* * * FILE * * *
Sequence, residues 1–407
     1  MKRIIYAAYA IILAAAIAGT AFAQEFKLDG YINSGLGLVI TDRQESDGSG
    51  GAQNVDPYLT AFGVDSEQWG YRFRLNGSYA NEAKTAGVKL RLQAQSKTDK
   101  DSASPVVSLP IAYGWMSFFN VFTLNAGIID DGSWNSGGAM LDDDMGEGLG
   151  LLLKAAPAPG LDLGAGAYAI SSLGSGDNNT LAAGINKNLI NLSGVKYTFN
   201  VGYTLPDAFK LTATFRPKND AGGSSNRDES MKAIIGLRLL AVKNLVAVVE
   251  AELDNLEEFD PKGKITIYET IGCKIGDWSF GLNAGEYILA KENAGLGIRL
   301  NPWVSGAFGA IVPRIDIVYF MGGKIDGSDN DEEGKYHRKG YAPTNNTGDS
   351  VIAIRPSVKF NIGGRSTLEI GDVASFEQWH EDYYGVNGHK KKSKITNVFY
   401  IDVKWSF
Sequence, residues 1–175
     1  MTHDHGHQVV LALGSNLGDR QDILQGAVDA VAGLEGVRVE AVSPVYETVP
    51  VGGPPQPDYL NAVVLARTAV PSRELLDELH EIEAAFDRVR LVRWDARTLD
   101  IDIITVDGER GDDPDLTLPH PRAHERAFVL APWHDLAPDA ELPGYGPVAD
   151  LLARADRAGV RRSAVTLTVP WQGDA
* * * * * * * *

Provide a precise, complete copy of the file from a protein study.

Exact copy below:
Sequence, residues 1–407
     1  MKRIIYAAYA IILAAAIAGT AFAQEFKLDG YINSGLGLVI TDRQESDGSG
    51  GAQNVDPYLT AFGVDSEQWG YRFRLNGSYA NEAKTAGVKL RLQAQSKTDK
   101  DSASPVVSLP IAYGWMSFFN VFTLNAGIID DGSWNSGGAM LDDDMGEGLG
   151  LLLKAAPAPG LDLGAGAYAI SSLGSGDNNT LAAGINKNLI NLSGVKYTFN
   201  VGYTLPDAFK LTATFRPKND AGGSSNRDES MKAIIGLRLL AVKNLVAVVE
   251  AELDNLEEFD PKGKITIYET IGCKIGDWSF GLNAGEYILA KENAGLGIRL
   301  NPWVSGAFGA IVPRIDIVYF MGGKIDGSDN DEEGKYHRKG YAPTNNTGDS
   351  VIAIRPSVKF NIGGRSTLEI GDVASFEQWH EDYYGVNGHK KKSKITNVFY
   401  IDVKWSF
Sequence, residues 1–175
     1  MTHDHGHQVV LALGSNLGDR QDILQGAVDA VAGLEGVRVE AVSPVYETVP
    51  VGGPPQPDYL NAVVLARTAV PSRELLDELH EIEAAFDRVR LVRWDARTLD
   101  IDIITVDGER GDDPDLTLPH PRAHERAFVL APWHDLAPDA ELPGYGPVAD
   151  LLARADRAGV RRSAVTLTVP WQGDA